Jan Zöller plays with the flaws in the system and turns them into the themes, protagonists and showplaces of his paintings. The cycles are dysfunctional, the figures broken or even injured, houses and entire towns are ablaze, the fountains become human and spew out urine instead of water. Painting as a form of expression also contains a certain openness with Zöller – there is an emptiness between his dense repertoire of motives and figures. When painting is deemed unable to express something symbolically in the exhibition, Jan Zöller complements it using performance, video and sculpture.
Leaving the canvas behind, he still employs familiar motives but presents them in other mediums within the exhibition space: legs, crows, the wooden house. In the form of video, sculpture and performance, they make up a new infrastructure in the realm of reality that acts as a symbol for the next damaged basin which, true the cycle of the fountain, will allow components to flow back into the world of painting.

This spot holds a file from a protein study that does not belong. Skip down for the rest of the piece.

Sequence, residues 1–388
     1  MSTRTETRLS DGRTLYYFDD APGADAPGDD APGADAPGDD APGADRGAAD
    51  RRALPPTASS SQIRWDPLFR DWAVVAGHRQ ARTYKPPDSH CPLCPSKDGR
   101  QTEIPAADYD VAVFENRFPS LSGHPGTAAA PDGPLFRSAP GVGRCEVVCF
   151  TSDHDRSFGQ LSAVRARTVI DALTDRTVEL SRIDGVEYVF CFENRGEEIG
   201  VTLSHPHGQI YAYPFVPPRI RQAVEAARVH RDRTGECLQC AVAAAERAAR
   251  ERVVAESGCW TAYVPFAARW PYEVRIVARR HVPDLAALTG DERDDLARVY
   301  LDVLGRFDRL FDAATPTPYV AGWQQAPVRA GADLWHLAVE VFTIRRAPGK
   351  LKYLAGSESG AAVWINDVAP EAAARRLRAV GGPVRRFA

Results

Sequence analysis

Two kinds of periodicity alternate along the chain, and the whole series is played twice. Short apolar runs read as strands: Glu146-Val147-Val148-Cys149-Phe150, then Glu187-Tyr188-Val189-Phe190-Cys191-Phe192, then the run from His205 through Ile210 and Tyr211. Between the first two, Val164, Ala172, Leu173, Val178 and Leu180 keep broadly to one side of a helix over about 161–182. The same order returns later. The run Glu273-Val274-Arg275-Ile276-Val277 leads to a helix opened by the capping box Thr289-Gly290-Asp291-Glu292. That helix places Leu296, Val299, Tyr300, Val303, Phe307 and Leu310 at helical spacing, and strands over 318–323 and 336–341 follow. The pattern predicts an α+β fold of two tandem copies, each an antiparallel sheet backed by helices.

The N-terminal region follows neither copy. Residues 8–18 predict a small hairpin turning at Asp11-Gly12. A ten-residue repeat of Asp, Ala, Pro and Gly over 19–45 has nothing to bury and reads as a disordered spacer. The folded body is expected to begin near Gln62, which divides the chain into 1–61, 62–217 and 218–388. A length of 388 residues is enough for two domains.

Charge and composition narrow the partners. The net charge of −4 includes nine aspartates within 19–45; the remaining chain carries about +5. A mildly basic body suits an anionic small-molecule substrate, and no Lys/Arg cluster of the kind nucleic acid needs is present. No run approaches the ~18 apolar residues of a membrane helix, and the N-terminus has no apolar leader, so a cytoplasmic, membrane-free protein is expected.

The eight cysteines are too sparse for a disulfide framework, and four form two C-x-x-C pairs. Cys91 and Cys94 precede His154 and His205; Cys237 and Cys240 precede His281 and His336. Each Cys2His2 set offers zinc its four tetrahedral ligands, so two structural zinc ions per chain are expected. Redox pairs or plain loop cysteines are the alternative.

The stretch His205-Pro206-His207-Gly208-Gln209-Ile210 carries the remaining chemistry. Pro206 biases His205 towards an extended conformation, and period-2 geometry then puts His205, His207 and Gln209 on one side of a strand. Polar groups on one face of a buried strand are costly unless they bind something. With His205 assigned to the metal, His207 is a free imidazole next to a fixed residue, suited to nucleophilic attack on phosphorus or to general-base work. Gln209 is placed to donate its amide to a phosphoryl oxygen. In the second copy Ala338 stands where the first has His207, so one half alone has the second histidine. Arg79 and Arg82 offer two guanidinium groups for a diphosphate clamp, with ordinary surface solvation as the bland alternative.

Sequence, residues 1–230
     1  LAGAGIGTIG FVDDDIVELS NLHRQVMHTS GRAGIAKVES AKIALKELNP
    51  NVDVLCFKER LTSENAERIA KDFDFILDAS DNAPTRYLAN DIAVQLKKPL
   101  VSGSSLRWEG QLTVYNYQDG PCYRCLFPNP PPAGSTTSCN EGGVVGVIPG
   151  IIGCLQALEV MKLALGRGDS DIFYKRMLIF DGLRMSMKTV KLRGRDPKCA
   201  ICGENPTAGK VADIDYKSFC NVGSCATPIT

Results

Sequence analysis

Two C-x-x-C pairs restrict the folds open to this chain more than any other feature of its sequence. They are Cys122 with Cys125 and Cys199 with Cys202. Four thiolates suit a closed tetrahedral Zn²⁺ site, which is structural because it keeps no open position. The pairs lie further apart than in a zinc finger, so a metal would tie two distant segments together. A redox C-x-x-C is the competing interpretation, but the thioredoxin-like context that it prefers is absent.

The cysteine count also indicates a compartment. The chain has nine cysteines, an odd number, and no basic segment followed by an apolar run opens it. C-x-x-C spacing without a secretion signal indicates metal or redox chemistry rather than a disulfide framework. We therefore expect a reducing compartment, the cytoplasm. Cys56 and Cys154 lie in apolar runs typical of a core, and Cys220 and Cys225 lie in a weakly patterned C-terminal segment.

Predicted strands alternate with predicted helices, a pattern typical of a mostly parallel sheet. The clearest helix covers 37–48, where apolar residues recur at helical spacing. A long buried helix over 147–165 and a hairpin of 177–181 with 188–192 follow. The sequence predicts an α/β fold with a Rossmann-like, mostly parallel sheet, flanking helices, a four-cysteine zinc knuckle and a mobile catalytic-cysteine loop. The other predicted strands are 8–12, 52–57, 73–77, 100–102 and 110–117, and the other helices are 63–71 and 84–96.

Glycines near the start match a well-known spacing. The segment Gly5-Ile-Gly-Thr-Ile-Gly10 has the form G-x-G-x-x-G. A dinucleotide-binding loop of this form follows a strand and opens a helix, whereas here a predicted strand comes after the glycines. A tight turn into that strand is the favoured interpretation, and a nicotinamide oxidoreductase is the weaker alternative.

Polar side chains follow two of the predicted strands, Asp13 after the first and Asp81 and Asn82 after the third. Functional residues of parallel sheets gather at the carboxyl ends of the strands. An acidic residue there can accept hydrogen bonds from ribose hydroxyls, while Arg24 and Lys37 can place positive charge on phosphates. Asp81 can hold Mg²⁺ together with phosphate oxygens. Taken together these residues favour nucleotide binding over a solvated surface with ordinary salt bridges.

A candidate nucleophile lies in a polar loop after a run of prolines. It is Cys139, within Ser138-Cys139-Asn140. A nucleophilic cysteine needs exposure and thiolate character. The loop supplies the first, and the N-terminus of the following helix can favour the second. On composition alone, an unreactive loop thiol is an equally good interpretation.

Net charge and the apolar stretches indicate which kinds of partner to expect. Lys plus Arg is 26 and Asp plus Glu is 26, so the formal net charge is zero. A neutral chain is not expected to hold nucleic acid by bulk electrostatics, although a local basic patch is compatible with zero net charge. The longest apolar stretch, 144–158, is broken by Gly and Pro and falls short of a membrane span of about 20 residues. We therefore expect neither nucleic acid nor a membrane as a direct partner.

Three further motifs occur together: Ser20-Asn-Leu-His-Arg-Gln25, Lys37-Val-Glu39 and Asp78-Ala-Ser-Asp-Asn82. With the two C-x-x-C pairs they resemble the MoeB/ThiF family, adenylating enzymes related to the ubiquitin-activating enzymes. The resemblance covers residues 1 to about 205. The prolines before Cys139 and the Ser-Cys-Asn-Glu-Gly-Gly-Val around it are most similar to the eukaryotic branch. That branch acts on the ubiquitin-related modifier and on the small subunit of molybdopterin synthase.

“In an era of cultural production tailored for success, Jan Zöller’s collaged image architectures tell of malfunction, failure, loneliness, comedy and the attempt to achieve genuine social connection. Zöller’s paintings are full of allusions to the failure of modernist utopias and German postwar painting, to the collapse of hyper-capitalism. But just as the anarchist birds occupy the fountains and bathrooms of his paintings and appropriate them for their own communities, Zöller’s painterly practice creates the fabric of new utopias from the material of malfunctioning systems (to which the current art industry surely belongs).”
Oliver Koerner von Gustorf, 2019